Engage

Accountability, A Timely Lesson from Culture and Jesus

Recently, the Christian community was rocked by news that another prominent Christian leader had experienced moral failure. We learned that Ravi Zacharias exaggerated his academic credentials, mismanaged his ministry organization’s finances and acted as sexual predator. There is no satisfaction in defaming his character. We know he publicly spoke truth about God that ushered people into God’s kingdom and for that we can be grateful. Rather than a success story, his story serves as a reminder and a warning about the power of accountability that cannot be ignored. 

Jesus knew accountability was powerful, and he provides a picture of accountability in action.

  • Jesus spent significant time with the disciples
  • Jesus had (perfect) communion with God
  • Jesus regularly invited people to opportunities for community
  • Jesus devoted time to prayer

While we may not identify with Jesus’ sinless nature, we can identify with his expression of emotion. When Jesus was approaching his final days he was filled with anguish as the certainty of the cross awaited him.

“…when he came to the place, He said to them (the disciples), “Pray that you may not enter into temptation.” And he withdrew from them about a stone’s throw, and knelt down and prayed… and being in agony he prayed more earnestly; and his sweat became like drops of blood falling down to the ground (Luke 22:40-41,44).”

In this moment of overwhelming emotion, Jesus chose to include his closest companions. He brought the disciples alongside Him to the Mount of Olives and urges them to join Him in prayer. The weight of death was upon Him and he used the company of His friends and his Heavenly Father to sustain him. Jesus did not experience sin, but we may just as easily experience the heaviness of our sin in a similar way. In these moments we would do well, like Jesus’ example, to bring our friends along and urge them to join us in prayer to the Father.

In order for this scenario to work we must have friends and community to call upon. Isolation leaves us just that, alone. Instead, we can prioritize the practice of cultivating friendships and a community that will walk alongside us in our times of strength and our weaknesses.

Sadly, Ravi Zacharias was not a member of a church. This is grievous indeed.  He lacked the basic Christian community that Jesus himself created in order that we would go through life together.  The church is constructed of members charged with the responsibility of accountability and church discipline.  The church is designed to teach the word of God and shepherd her members gently and sometimes not so gently, to walk in the ways in which God has commanded.

 I’m saddened to think that if a church was given an opportunity, people have may been able to walk through Mr. Zacharias’s weaknesses with him and might have even played a part in sparing his victims. We can’t go back and help him now, but as the Christian community we can move forward, resolved to walk in the light in fellowship with God and others.

 “This is the message we have heard from him and proclaim to you, that God is light, and in him is no darkness at all.  If we have fellowship with him while we walk in darkness, we lie and do not practice the truth. But if we walk in the light as he is in the light, we have fellowship with one another, and the blood of Jesus cleanses us from all sin (1 John 1:5-7).”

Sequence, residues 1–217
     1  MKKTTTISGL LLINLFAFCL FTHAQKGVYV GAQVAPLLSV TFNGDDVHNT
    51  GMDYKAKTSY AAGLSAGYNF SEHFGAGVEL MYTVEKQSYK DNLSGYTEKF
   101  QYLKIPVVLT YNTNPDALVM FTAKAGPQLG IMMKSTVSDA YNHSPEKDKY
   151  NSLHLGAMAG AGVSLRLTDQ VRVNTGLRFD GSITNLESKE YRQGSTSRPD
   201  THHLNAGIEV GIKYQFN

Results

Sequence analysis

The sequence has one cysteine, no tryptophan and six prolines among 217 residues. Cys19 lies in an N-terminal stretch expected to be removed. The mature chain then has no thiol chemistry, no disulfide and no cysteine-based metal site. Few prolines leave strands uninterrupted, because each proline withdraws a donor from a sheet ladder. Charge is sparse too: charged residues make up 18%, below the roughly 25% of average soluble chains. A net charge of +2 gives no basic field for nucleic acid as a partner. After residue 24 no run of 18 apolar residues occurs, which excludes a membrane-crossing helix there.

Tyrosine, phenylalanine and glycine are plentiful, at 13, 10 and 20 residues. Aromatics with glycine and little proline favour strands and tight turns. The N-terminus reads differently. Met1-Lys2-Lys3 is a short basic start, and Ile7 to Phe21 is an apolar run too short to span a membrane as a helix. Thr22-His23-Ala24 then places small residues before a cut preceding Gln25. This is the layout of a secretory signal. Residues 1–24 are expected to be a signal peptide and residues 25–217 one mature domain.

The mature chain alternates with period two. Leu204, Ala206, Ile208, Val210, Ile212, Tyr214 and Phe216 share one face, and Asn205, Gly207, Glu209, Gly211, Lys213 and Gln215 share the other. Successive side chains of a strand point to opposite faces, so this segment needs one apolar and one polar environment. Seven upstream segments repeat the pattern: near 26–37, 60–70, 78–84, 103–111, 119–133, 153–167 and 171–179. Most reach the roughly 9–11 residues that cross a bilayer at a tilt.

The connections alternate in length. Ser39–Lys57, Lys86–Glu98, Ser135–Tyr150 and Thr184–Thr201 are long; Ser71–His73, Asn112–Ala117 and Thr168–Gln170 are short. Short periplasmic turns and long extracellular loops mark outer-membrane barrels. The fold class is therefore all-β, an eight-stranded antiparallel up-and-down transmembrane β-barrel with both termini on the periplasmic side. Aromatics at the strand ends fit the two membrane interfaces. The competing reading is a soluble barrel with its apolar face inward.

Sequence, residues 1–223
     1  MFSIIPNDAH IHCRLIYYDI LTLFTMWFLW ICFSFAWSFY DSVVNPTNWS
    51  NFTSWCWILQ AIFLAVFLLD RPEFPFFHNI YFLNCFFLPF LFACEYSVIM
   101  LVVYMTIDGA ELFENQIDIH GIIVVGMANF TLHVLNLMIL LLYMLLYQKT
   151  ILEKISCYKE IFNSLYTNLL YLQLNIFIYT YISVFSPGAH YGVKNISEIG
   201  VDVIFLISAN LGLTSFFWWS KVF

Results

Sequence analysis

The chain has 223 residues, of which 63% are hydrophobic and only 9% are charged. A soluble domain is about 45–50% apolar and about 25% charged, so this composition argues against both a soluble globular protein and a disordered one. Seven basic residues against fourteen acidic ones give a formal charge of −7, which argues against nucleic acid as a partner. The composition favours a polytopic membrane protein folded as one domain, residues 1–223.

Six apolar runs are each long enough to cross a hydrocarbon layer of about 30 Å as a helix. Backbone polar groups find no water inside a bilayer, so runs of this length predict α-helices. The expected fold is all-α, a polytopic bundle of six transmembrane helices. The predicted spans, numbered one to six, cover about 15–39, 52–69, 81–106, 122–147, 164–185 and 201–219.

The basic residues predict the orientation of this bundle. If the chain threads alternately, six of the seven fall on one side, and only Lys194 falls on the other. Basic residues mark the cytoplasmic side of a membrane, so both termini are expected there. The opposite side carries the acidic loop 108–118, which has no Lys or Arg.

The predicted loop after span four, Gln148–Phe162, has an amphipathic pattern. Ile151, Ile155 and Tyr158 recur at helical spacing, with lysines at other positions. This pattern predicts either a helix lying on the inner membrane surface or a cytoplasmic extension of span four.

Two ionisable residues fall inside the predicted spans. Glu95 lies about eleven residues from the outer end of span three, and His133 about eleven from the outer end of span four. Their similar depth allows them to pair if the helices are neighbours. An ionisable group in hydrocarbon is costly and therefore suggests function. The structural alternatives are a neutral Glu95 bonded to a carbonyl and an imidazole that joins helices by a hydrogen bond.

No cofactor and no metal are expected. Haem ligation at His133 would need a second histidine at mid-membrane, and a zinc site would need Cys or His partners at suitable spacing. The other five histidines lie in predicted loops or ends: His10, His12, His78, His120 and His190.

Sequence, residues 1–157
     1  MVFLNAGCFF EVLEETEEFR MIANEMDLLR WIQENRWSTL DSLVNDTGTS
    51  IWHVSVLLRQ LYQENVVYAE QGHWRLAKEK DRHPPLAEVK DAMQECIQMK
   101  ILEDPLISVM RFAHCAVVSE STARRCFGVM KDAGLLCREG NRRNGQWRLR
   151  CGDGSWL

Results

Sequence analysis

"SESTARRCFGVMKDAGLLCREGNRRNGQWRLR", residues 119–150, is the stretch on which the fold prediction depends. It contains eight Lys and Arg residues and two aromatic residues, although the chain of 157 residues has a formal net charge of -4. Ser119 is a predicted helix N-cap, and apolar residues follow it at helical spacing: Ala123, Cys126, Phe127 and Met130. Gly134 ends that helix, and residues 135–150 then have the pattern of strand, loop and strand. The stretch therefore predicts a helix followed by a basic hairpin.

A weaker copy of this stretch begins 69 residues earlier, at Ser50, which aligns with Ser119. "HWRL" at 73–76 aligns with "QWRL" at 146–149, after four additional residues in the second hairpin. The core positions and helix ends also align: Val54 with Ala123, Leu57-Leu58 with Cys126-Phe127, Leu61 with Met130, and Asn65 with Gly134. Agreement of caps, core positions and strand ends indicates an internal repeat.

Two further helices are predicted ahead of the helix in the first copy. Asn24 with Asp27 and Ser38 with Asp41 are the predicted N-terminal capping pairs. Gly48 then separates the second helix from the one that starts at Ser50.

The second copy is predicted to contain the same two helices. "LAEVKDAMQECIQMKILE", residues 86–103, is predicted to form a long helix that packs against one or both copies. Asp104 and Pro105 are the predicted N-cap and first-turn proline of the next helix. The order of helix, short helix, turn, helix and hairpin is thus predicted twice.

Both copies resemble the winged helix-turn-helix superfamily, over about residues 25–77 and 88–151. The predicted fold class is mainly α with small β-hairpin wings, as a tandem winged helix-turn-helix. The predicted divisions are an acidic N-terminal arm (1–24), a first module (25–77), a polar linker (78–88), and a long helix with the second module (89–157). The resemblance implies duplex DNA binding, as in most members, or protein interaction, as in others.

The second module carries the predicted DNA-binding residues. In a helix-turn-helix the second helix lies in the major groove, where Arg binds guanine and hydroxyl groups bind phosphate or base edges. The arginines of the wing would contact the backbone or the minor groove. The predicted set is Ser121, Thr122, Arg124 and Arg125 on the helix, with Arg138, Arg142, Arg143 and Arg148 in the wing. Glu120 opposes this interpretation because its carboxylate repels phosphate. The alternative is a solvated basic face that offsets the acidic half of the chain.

I am grieved by the story of Ravi Zacharias for many reasons.  The world that he lived in was dark. His story includes multiple victims of abuse and fraud that fill the dark places in his life with more shadows. Perhaps the saddest part is that he was so close to the light. The words he used brought light to dark places in the lives of many and yet he struggled himself to walk in the light.

It is possible at times for us all to stand in the shadows surrounded by light and we lack the strength to confess our sins to each other, to believe that we can be forgiven by God and our community and even be allowed to enjoy the light that God provides. Sometimes we have successfully quenched the Holy Spirit and we simply push the Spirit aside when it calls to deliver us. Whatever our circumstances, the hope and will of the Father is that we would use the gift of the church and our community to go through this life together. If your world feels dark, you are always one step away from the light in Jesus Christ found in him and fellow believers carrying the torch, ready to the light the way for each other.

“Again Jesus spoke to them, saying, “I am the light of the world. Whoever follows me will not walk in darkness, but will have the light of life (John 8:12).”

Ravi Zacharias Hid Hundreds of Pictures of Women, Abuse Du…… | News & Reporting | Christianity Today 

Ravi Zacharias’s Denomination Revokes Ordination…… | News & Reporting | Christianity Today

Catharine Griffin was born and raised in Covington, Georgia. She earned an M.A. in Biblical Counseling from Dallas Theological Seminary in 2012. She enjoys mentoring and discipling college women and is currently doing so at East Texas Baptist University. She is passionate about hearing people's stories and helping people see their potential in Christ and serves this calling out as a Licensed Professional Counseling Intern. She has also been coordinating ministry to women for several years in various churches and longs to equip women to serve the church with biblically sound teaching. She seeks to help women discover their spiritual gifts, learn from their experiences in life and the Lord, and grow exponentially in their walks with Christ. As motherhood seems to seek her out, she hopes to encourage a few mothers along the way. She is currently serving as a Licensed Professional Counselor Intern. She is a mother to three boys, wife to a Baptist Student Minister, and enjoys teaching, writing, cooking and all things outside.

Leave a Reply